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Researchers Discover Chemicals that affect Cell Transport


Co-PI Natasha Raikhel and colleagues have published research in the Proceedings of the National Academy of Sciences that discusses how the endomembrane system plays a critical role in plant development and response to environmental stresses and disease.

Screening nearly 50,000 drug-like compounds, Hicks, Natasha Raikhel and colleagues discovered more than 100 chemicals that impact the endomembrane system in the model plant Arabidopsis thaliana. This high-content screening approach could be useful in predicting the types of molecules affecting the endomembrane system not only in plants but humans and has significance for drug discovery.

Raikhel was joined in the research by Glenn Hicks, Associate Research Plant Cell Biologist, Zhenbiao Yang, a professor of cell biology, Michelle Q. Brown and Shingo Nagawa, as well as scientists at the University of Ghent, Belgium and the Scripps Research institute.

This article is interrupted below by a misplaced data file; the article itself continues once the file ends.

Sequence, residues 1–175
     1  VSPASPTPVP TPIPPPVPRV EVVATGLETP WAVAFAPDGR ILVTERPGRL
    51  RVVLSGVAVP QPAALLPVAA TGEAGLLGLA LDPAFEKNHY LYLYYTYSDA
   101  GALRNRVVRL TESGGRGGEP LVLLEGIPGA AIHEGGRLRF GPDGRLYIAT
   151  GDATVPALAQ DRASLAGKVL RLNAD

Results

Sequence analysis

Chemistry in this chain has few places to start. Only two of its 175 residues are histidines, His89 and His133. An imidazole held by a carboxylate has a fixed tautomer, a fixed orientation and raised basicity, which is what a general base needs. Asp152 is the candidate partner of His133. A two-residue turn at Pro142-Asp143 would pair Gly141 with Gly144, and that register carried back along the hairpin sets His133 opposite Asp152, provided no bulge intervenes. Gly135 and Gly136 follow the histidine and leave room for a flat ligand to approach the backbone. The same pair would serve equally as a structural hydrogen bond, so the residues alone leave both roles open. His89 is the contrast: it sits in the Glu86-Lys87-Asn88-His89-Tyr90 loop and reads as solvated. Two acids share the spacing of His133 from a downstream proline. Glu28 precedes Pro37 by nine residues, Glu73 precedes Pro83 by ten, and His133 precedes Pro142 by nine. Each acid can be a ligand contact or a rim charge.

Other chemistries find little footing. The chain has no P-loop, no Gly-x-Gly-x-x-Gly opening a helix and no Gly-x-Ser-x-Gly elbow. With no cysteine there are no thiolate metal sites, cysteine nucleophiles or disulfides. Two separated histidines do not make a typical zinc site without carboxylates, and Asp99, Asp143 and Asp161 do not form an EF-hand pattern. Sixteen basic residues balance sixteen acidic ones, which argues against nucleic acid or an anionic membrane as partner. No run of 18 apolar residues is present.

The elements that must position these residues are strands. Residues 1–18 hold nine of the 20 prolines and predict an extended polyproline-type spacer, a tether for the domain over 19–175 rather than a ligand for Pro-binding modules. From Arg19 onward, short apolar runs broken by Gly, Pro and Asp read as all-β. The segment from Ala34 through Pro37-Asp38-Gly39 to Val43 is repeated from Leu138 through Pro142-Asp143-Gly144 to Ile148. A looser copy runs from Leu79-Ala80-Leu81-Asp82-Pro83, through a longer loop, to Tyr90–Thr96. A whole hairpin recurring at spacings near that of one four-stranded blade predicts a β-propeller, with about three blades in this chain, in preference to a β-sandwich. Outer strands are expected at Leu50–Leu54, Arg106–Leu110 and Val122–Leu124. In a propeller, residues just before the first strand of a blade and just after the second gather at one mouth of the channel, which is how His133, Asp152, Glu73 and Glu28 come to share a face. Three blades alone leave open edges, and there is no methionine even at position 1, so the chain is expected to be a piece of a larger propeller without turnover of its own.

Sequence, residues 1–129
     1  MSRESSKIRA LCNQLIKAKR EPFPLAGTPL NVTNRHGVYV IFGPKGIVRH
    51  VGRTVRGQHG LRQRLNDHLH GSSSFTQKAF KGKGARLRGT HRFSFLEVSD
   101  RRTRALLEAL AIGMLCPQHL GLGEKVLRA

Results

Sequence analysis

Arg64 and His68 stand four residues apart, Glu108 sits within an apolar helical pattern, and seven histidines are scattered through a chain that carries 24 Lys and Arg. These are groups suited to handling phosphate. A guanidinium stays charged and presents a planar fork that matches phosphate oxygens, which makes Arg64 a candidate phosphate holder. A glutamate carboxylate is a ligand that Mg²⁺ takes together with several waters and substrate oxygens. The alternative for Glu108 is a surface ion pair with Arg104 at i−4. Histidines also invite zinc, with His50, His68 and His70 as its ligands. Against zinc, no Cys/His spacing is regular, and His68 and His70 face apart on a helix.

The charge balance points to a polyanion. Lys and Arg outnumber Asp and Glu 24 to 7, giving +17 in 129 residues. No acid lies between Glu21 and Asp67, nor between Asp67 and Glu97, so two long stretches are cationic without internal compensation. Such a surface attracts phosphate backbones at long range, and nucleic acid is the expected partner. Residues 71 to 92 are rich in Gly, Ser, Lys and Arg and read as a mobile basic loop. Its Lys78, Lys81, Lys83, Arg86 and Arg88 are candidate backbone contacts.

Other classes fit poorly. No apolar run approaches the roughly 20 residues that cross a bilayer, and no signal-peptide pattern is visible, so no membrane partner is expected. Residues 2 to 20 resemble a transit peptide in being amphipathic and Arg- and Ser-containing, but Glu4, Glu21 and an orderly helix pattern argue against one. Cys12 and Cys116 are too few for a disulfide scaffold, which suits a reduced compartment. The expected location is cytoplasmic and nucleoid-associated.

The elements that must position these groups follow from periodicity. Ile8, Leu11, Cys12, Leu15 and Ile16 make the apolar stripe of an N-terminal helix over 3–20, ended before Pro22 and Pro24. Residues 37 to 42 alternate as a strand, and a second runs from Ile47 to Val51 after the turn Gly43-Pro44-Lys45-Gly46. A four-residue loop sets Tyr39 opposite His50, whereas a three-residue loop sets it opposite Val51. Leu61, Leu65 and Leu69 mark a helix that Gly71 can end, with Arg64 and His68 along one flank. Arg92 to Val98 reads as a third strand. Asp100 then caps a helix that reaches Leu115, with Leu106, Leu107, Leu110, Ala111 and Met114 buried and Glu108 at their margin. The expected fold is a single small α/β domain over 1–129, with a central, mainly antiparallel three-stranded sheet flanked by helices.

Citation: Drakakaki G, Robert S, Szatmari A-M, Brown MQ, Nagawa S, Van Damme D, Leonard M, Yang Z, Girke T, Schmid SL, Russinova E, Friml J, Raikhel NV, Hicks GR (2011) Clusters of Bioactive Compounds Target Dynamic Endomembrane Networks in vivo. Proc Natl Acad Sci USA. 108 (43): 17850-17855.

Address Goals

The research activity advances through identifying compounds that may be used to track movements of cellular products throughout a cell by disrupting the cellular transport system. This system may allow researcher to create drugs that inhibit the release of cellular product. Additionally, the determination of these compounds expands experimental tool for other researcher to utilize.